“Persistence finishes what she starts and persists in spite of the obstacles. She has the ability to push through any obstacle with super strength.” I Am Elemental has a super hero theme running all throughout it, but Persistence is the one figure to wholeheartedly embrace the idea. There is no denying that she’s a super hero. She’s got the domino mask, the primary colors, the power set, and, above all, the cape. And when you think about it, Persistence is the perfect emotion for super hero-ing. Persistence is constructed with the basic parts used for all of the figures, along with the lower arms seen on Bravery, and the lower legs from Enthusiasm. She has a unique head, which has medium length hair (great for heroics), and the aforementioned cape. The cape has a slight windblown effect to it, which gives the figure a nice dynamic look that I really like. Persistence’s color scheme is predominantly a light blue, befitting her super hero look. All of the paint is applied nicely and cleanly, and the color is nice and bold. Persistence includes the same selection of accessories featured with the rest of the figures.


“Fear spreads the impulse to pull away and hide. She has the ability to stop a moving object in its tracks.” Fear is probably the most unique of the figures in the set. She represents the only “negative” emotion in the bunch, and she has a much darker overall color scheme. However, the character’s description on her card indicates that she’s meant to be more of a “dark hero,” which is a pretty cool. Fear is important to Courage, so it makes sense. The figure makes use of the base body, with the lower arms seen on Energy and Honesty, and the lower legs from Enthusiasm and Persistence. She has a unique head sculpt, notable in that it’s the only one to have a helmet. The helmet has a neat serpentine style to it, which makes sense with the fear motif. She also has an armor piece, which sits on her shoulders. The piece is pointy and looks just right for Fear. Fear’s color scheme is much darker than the others. Her primary color is a very dark purple, and even the silver of the body is a much darker shade. The paint work is nice and cleanly done, with no issues with slop or bleed over. Fear has the same accessories as all the others, plus an additional fear spirit thingy, which continues the serpentine theme of the helmet.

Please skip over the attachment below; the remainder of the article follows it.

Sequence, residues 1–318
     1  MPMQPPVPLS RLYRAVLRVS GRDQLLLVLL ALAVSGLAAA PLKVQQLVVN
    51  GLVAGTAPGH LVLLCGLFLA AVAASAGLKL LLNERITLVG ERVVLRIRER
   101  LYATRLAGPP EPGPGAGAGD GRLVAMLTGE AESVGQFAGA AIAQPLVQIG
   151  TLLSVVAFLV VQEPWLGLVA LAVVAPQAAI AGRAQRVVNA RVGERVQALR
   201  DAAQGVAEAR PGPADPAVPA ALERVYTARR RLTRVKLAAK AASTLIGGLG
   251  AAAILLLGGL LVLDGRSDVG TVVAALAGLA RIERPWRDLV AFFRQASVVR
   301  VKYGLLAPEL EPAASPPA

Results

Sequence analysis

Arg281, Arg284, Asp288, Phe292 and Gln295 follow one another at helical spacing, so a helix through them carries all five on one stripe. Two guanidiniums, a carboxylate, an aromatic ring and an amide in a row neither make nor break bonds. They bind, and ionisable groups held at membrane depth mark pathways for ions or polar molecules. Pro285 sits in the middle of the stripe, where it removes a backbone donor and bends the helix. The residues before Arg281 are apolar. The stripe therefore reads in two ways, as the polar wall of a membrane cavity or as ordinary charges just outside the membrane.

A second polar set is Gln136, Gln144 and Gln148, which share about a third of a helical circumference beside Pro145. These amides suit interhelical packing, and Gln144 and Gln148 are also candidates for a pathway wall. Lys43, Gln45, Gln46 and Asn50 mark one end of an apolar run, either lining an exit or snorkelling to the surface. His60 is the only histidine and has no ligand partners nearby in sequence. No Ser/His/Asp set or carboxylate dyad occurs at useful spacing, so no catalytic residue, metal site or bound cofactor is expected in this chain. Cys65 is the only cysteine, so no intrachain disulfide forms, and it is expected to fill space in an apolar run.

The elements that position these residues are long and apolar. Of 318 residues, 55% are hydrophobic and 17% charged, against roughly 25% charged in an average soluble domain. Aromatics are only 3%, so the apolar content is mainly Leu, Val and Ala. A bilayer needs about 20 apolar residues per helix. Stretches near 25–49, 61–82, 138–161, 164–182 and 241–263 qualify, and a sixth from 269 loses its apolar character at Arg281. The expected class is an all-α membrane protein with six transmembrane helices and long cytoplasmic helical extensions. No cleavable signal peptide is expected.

As an extra incentive to the Kickstarter supporters, the makers of I Am Elemental threw in an extra figure, done in “Courage Red,” signifying the overall theme of Series 1. They allowed fans to vote on which of the seven figures would receive the Courage treatment, and the vote went to Honesty. Structurally, the figure is identical to the regular Honesty. The difference between the two is that, instead of the silver body suit of the regular figure, this one has a red one. The red is a deep red, and it’s done in a nice metallic sheen. It’s a subtle change from the regular version, but it’s a nice one. I actually don’t know which one I prefer.


I Am Elemental is my first venture into the world of Kickstarter, and they’ve done a tremendous job of getting me hooked. When I came across the idea, I was immediately drawn to it. I’m definitely a supporter of the idea behind the figures, for a plethora of reasons. And above all, I’m a sucker for cool action figures. In all honesty, these are some of the coolest figures I’ve seen in quite some time. Every single figure practically radiates with evidence of the care and enjoyment put into them. They call back to a time when toys really were designed with kids in mind, and I think they are a huge step towards making action figures a viable thing again. And they’re just so much fun!